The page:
Stockton Beach Taskforce looks to Hunter River for Stockton sand.
Looking south along Stockton Beach from Barrie Crescent showing sea wall and sand-bagging.
South arm of the Hunter River is bedded by marine sand that migrated into estuaries over thousands of years during changes in sea level. The sand is originally from eroded Hawksbury and Sydney sandstone that washed northwards, to become “marine sand” – a certain particle size and composition – during this movement.
Since construction of Newcastle Harbour entrance breakwater walls a century ago, sand movement from the south ceased to arrive at Stockton Beach, which has seen the shoreline steadily advance westward.
The crux of choosing the correct sand for replacing lost beachfront at Stockton is that using sand that is too fine (or coarse) would be counterproductive.It would wash away faster than the marine sand type that forms beaches.
Another major factor is to source matching sand. Regulations restrict what sand can be mined, and from where. Under the contaminated mud and silt that the David Brown dredge routinely removes from the harbour is a vast bed of marine sand that was used as Kooragang landfill when the coal loader was constructed. Permissions exist to use that sand for the aborted T4 coal loader.
Getting the sand from one side of Stockton to the other is a massive undertaking. The David Brown dredge is both unsuitable and has its own job of keeping the channel clear for shipping. Therefore a dedicated specialist dredge is needed. Pumping the sand from that dredge from offshore is almost as complex as a permanent piped solution across the peninsula.
Following a meeting of the Deputy Premier’s Stockton Beach Taskforce, City of Newcastle will meet with the Hunter and Central Coast Development Corporation, and Regional NSW to explore the possibility of using sand from the south arm of the Hunter River to replenish Stockton Beach.
Chair of the Stockton Community Liaison Group Barbara Whitcher supported the idea at the meeting earlier this week.
It’s encouraging to hear through the Taskforce the potential for relocating sand from the Hunter River to Stockton for short-term sand replenishment.
Lord Mayor Nuatali Nelmes said the Taskforce was making positive progress on achieving mass sand nourishment for Stockton Beach.
It’s encouraging that the Taskforce is making headway on finding suitable sand sources for mass nourishment at Stockton Beach and we’re optimistic about the potential Hunter River south arm opportunity.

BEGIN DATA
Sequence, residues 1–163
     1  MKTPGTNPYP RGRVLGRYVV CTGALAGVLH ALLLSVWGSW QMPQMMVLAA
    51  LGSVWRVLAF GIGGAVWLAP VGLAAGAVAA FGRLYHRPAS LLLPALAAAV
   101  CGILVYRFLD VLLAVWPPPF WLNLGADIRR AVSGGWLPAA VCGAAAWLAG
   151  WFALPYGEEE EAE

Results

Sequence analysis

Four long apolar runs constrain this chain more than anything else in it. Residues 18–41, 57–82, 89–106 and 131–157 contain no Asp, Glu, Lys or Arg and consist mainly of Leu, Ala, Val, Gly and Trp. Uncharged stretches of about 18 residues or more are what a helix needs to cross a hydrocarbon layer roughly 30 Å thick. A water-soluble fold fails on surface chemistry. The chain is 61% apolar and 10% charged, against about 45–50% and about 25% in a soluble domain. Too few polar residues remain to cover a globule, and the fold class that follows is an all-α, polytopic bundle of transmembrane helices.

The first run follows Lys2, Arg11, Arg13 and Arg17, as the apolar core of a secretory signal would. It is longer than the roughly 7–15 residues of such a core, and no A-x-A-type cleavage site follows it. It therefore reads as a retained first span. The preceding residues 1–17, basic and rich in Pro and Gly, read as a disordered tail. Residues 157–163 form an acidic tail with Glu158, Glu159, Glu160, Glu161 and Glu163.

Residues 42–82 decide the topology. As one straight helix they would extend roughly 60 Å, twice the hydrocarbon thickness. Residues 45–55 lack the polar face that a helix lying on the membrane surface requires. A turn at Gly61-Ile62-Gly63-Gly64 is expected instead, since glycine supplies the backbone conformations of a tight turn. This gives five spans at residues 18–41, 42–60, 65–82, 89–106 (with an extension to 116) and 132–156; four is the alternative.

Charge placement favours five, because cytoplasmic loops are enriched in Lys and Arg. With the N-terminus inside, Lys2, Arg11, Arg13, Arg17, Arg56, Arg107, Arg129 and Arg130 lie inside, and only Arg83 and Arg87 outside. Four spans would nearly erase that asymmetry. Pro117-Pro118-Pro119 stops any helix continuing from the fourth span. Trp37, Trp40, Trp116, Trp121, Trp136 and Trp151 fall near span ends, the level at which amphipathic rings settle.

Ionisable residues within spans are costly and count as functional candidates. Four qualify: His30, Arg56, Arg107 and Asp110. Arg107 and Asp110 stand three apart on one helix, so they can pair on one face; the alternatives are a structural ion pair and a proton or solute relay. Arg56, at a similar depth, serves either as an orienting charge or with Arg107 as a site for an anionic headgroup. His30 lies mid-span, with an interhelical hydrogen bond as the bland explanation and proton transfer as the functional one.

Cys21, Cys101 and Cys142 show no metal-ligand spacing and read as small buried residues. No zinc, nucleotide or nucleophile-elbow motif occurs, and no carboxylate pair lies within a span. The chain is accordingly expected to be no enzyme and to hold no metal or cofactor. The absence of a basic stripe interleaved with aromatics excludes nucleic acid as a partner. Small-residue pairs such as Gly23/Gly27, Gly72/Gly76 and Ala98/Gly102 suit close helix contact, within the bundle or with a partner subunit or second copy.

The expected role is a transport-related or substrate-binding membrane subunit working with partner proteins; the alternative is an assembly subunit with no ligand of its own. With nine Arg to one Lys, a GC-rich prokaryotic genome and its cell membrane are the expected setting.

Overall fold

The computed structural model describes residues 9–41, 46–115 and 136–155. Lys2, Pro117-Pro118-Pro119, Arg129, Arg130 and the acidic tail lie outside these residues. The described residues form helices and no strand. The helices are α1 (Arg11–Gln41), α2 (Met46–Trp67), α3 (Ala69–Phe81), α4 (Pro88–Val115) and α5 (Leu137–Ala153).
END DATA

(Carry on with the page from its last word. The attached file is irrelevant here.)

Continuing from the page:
Since June last year City of Newcastle has spent more than $3 million on emergency works associated with protecting coastal assets and property from erosion at Stockton Beach, including sandbagging and safety measures.
The decision to access the initial sand for a beach nourishment campaign was approved in the Stockton Coastal Management Program 2020.
Meanwhile, council has announced the use of ‘Kyowa Rock Bags’ in emergency works rather than sandbagging at the northern end of Stockton Beach.
This should negate the need for ongoing emergency response at Barrie Crescent and for the two buried terminal protection structures (Stone Street and Griffith Avenue) as approved in the Stockton Coastal Management Program 2020, saving $2.45 million and buying time for the Taskforce to achieve mass sand replacement.
Rock bags proposed for use at Stockton Beach erosion sites to replace sand bags. Image ~ Bluemont.
The rock bags are a patented flexible mesh product used for erosion protection which are more durable and sturdier than traditional sandbags. Their structure absorbs wave energy in similarfashion to a line of trees in a windbreak.
They will be assembled off site at the Ballast Ground in Stockton, before being installed at the Barrie Crescent section of beach.
The bags will provide up to 15 years protection which allows for a window of time in which mass offshore sand nourishment can be achieved, as outlined in the Stockton Coastal Management Program 2020.
City of Newcastle’s Acting CEO Ken Liddell said that in the meantime, the rock bags will be a significant improvement on the sandbags currently in place.
The innovative rock bag technology to be used at Stockton Beach will provide a range of benefits, not the least to provide further protection for the community and offsetting ongoing reactive emergency, and capital works costs.
Upgrading the emergency protection to rock bags will provide greater protection to coastal properties while allowing City of Newcastle to reinstate a passive recreational area at Barrie Crescent Reserve,” Mr Liddell said.
The rock bags will be placed in the same location as existing sandbags, along the Barrie Crescent frontage from the northern end of the Mitchel Street seawall at Stone Street to Griffiths Avenue road extension.
Coastal Management Programs (CMPs)
City of Newcastle has also confirmed it will complete three coastal management programs (CMP) in 2021, including an updated Stockton CMP, a Newcastle Southern Beaches CMP taking into account the area between the southern Harbour Breakwater to Glenrock, and an Hunter Estuary CMP completed in partnership with Port Stephens and Maitland councils.
The revised Stockton CMP will take into account the roughly three kilometre section of coastline north of Meredith Street not included in the Stockton CMP 2020, and include additional studies which were not possible to be completed prior to the NSW Government’s shortened 2020 deadline.
Community engagement on the CMPs is expected to start in early 2021.